As you already know, if something is not working out in your life, something is not working inside of you. Once you have built a resolve to change it is time to take action. Train yourself to disregard the voice of self-condemnation.

You are worthy.

Periods of self-distrust are inescapable, that’s just the way life is. The human mind is designed that way — every time we hit low negative self-talk starts to paint pictures of current and future failure. Dispel doubts by movement. I invite you to a mind-altering realization that all of the self-degrading thoughts you have about your current state are irrelevant. Progress can be made by acting mechanically.


Blind belief in negative self-talk is the greatest enemy of self-esteem. The main prerequisite of the ability to silence negative self-talk is the ability to detect it. You will not be able to detect negative thoughts if your attention is riveted on them. You have to disconnect yourself from the voice inside your head. This is when meditation comes into play. Meditation creates a space between “you” who is listening and “you” who does the talking. If thoughts that undermine your self-esteem exist within you, give them a right to exist. Allow them to be. Negative thoughts might be there but it doesn’t mean that they are true.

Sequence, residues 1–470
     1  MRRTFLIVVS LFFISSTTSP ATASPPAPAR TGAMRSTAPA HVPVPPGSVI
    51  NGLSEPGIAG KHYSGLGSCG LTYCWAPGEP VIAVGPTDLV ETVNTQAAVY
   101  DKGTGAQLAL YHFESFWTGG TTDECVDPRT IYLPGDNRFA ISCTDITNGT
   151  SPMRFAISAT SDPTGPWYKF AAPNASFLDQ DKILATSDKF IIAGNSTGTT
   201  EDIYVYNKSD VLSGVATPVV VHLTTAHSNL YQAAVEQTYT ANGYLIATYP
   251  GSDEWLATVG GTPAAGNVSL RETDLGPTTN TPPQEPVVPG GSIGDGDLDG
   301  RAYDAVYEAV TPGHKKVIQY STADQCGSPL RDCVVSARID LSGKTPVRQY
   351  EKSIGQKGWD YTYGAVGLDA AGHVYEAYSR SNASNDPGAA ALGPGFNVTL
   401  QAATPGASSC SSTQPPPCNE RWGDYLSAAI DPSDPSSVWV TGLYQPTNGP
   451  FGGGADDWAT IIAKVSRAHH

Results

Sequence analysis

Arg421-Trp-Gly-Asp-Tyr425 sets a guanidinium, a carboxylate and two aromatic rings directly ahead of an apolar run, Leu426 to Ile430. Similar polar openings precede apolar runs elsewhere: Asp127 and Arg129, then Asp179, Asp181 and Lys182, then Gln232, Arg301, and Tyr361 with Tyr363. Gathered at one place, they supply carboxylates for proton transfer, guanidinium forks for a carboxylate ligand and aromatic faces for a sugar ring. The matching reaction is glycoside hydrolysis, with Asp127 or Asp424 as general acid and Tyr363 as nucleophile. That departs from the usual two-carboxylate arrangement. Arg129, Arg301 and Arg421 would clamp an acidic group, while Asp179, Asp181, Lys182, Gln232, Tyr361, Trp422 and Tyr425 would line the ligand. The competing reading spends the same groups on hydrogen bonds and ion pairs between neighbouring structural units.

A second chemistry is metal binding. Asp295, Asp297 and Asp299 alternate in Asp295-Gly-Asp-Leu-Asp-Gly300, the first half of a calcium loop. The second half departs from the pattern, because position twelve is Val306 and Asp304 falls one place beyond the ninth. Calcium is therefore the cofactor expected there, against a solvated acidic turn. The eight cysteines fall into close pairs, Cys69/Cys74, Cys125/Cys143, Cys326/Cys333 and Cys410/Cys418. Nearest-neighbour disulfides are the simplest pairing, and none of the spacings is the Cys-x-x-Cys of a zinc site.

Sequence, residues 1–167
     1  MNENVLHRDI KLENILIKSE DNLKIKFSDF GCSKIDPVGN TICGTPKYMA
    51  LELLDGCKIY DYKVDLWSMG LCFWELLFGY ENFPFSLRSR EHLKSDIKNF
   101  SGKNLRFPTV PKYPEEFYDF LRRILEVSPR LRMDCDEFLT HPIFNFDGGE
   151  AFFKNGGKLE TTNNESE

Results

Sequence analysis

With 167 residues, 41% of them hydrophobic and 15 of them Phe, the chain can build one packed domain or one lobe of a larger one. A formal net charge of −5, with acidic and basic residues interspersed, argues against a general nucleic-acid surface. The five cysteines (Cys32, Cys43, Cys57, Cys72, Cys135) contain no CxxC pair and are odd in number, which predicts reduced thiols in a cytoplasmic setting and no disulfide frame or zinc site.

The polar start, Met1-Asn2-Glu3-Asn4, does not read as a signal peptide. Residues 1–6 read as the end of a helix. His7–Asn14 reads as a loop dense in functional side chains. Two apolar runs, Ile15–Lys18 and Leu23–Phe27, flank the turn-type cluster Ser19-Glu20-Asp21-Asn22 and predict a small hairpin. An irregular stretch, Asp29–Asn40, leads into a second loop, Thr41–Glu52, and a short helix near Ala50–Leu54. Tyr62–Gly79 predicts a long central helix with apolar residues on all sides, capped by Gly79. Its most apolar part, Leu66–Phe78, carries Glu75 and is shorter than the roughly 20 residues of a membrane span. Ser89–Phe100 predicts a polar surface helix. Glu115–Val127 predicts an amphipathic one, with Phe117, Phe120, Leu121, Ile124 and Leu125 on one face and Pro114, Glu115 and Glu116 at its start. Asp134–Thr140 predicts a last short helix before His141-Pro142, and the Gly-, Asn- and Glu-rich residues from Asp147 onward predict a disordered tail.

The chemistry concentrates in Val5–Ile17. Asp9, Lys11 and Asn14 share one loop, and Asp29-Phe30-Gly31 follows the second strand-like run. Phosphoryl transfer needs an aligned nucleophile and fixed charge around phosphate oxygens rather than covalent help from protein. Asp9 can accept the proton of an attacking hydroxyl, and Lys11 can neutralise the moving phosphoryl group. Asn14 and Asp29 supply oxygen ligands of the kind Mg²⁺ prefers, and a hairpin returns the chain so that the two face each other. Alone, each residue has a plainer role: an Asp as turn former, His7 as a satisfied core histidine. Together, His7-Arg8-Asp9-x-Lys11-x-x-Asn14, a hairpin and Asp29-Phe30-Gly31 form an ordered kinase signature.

You have thoughts. Don’t let them have you.

Take a good care of yourself.

One of the reasons a negative mental chatter overpowers positive thinking is quite banal — hormones. If the biochemistry of your body is off-balance you may experience significant mood swings that will aggravate pessimistic states of mind.

Use proven brain hacks to exploit your hormones and optimize your mental performance. Abstain from toxic substances, eat food that doesn’t jeopardize your health, maintain sleep hygiene, go to a sauna, treat yourself a massage, exercise, take a cold shower. Doing things that trigger “good” biochemistry — that is what the self-love is all about.

Deploy 30-days challenges.

Actions that build up the sense of self-respect lay the groundwork for robust self-esteem. You don’t even have to have a goal. As long as the challenge forces you out of your comfort zone, you will benefit in significant ways.

4 weeks of challenge fly fast. If it doesn’t change you to good you can end it and forget about it like it never happened. But what if it does and a habit will stick? I promise you that if you pick-up a challenge and withstand it, your self-respect will grow and so will your self-esteem.

Don’t overload yourself with challenges. It will deplete your willpower. Start with a single realistic challenge, “the box” you can tick off on a day to day basis. Here are some ideas:

  • Running in the morning.